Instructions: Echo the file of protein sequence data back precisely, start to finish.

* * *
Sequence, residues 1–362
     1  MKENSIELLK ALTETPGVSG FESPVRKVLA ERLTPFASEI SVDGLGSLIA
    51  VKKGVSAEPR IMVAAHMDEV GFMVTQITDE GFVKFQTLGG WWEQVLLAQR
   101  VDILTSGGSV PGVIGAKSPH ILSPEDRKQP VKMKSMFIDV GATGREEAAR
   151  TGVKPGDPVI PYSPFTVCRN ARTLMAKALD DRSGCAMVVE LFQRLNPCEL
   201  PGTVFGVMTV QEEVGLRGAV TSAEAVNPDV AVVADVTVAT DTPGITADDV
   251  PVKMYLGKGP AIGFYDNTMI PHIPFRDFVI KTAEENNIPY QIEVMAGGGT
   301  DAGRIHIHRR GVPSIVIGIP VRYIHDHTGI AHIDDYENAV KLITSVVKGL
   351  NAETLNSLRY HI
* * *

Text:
Sequence, residues 1–362
     1  MKENSIELLK ALTETPGVSG FESPVRKVLA ERLTPFASEI SVDGLGSLIA
    51  VKKGVSAEPR IMVAAHMDEV GFMVTQITDE GFVKFQTLGG WWEQVLLAQR
   101  VDILTSGGSV PGVIGAKSPH ILSPEDRKQP VKMKSMFIDV GATGREEAAR
   151  TGVKPGDPVI PYSPFTVCRN ARTLMAKALD DRSGCAMVVE LFQRLNPCEL
   201  PGTVFGVMTV QEEVGLRGAV TSAEAVNPDV AVVADVTVAT DTPGITADDV
   251  PVKMYLGKGP AIGFYDNTMI PHIPFRDFVI KTAEENNIPY QIEVMAGGGT
   301  DAGRIHIHRR GVPSIVIGIP VRYIHDHTGI AHIDDYENAV KLITSVVKGL
   351  NAETLNSLRY HI